On Sunday, August 14, a casual round-table discussion and book signing will be held with Thubten Samdup and Palden Gyatso at Restore Our World, 5 p.m. The two men will then speak live on KOTO Monday, August 15 at noon, and at 6:30 p.m. that evening, will give a formal presentation with music, stories, lessons and audience interaction at the Sheridan Opera House.
Gyatso is a well-known Tibetan monk, now on his second tour around the world. He was imprisoned in Tibet by the Chinese for 33 years, during which time he was severely beaten, tortured and nearly died. Since his release from prison, he has authored two books about his imprisonment which share his views of the status of Tibet. Gyatso will describe his memories of Tibet before the Chinese takeover, the torture and terror of his imprisonment, and how people can help Tibet. He will also be signing his newest book: The Autobiography of a Tibetan Monk. Translating for Gyatso and sharing his own knowledge will be Tibetan, Ridzgin Tingkhye.
Samdup, the head of Tibet Canada, the largest Tibetan organization in North American, will also be on hand. He is one of the nine original members of the Tibetan Institute of Performing Arts, which the Dalai Lama established in 1959, during the Chinese invasion of Tibet, to save the Tibetan culture. Samdup has facilitated meetings with world leaders to restore Tibet to its international position prior to the Chinese invasion. He will sing and play Tibetan instruments and talk about his experiences, Tibetan culture, and philosophy. He will also have an interactive question and answer period with the audience.
Bill Duckworth of Montrose founded the Western Colorado Friends of Tibet in the late 1980s, now a 501(c)3 organization.
"Our effort is to positively help in situations that need help and work towards world recognition of the problem" in Tibet, said Duckworth. "We're anxious that the world treat the problem appropriately. We're not in the business to be condemning anyone. We're in the business of solving problems and making life whole."
The organization's main goal is to raise awareness of the situation in Tibet and to introduce it in such a way that people can find positive ways to become involved. "We want to help people understand why this is important," said Duckworth, "and begin to ask the question 'How can I help?'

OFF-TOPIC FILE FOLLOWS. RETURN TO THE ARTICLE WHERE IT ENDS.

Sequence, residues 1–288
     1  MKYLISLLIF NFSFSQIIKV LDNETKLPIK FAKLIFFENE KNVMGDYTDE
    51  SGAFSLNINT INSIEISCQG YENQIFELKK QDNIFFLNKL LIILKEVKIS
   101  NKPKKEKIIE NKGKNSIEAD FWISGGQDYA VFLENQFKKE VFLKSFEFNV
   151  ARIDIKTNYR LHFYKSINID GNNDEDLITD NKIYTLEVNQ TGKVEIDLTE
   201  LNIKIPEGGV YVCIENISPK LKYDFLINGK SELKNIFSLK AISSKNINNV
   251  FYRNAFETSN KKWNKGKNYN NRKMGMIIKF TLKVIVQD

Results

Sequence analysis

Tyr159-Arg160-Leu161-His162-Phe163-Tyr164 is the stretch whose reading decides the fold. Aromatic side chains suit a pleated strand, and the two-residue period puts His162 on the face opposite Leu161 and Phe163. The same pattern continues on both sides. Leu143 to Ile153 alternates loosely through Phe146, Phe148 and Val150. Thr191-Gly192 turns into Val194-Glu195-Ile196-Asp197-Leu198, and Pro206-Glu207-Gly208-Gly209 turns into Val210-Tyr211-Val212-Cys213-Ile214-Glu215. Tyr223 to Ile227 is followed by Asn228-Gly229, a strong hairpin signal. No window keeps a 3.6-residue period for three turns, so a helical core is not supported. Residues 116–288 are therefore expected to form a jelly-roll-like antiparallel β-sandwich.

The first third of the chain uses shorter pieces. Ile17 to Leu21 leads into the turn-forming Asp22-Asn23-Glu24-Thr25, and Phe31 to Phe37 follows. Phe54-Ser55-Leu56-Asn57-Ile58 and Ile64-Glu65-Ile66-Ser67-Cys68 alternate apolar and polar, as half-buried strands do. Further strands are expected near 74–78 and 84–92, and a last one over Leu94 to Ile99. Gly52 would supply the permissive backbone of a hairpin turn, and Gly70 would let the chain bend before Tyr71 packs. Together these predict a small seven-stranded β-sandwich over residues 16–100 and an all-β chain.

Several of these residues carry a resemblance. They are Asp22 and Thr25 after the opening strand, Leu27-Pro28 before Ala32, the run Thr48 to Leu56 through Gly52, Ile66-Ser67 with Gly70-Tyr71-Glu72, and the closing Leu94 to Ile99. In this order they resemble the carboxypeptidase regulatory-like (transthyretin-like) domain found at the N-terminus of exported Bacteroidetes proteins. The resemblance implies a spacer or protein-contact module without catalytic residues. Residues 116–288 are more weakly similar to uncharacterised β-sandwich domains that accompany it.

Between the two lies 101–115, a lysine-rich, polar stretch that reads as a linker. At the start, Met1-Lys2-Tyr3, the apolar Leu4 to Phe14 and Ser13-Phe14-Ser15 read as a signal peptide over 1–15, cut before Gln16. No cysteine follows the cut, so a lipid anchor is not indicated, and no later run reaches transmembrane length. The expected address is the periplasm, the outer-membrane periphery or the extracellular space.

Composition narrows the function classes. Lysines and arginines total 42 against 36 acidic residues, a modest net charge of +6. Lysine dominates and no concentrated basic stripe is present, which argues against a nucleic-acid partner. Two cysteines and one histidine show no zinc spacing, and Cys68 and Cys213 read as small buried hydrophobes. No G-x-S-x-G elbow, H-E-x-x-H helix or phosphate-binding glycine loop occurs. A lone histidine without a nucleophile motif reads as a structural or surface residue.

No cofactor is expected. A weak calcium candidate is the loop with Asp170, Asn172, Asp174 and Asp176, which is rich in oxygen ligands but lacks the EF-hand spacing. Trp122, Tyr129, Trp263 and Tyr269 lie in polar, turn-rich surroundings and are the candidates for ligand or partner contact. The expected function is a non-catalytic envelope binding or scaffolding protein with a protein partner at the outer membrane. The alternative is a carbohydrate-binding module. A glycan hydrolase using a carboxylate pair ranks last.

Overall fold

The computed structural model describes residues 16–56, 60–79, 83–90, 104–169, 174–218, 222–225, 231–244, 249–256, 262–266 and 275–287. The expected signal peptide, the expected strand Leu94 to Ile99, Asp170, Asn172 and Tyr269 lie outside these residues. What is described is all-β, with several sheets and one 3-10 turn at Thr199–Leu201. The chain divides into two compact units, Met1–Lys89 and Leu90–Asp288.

"Here we have an outstanding example of someone deprived of their own history and standing in life, and no way to get it back," he added. "To the question of why to care about something on the other side of the earth when there are enough problems here, my answer is there has never been a more clear demonstration of harm to humanity than what is represented by Tibet, with 1/5 of its population gone already."
Duckworth decided to expand his program to Telluride to broaden the local base of awareness.
"We've tried a couple of times to do something in Telluride," he said. "I believe that is where our strongest base is" in the region. "Telluride has a unique connection to Tibet and understanding of Tibet."
Duckworth's ultimate goal is the creation of a Tibetan International Peace Center in the region. "The obvious thing to me is we don't have any understanding of alternatives to war in resolving problems," he said. The center would be "a destination people could come to and learn what alternatives there are and how to find solutions."
The Sunday roundtable discussion at Restore Our World and the Monday presentation at the Sheridan Opera House are free to the public, with donations greatly appreciated. During registration and break periods, the audience can interact with the speakers and visit tables of Tibetan merchandise, learn more about WCFOT and membership opportunities.
Duckworth will host an open house at his home in Montrose on Sunday from 1-3 p.m. where people can meet Gyatso and Samdup. Call him at 240-4197 for directions.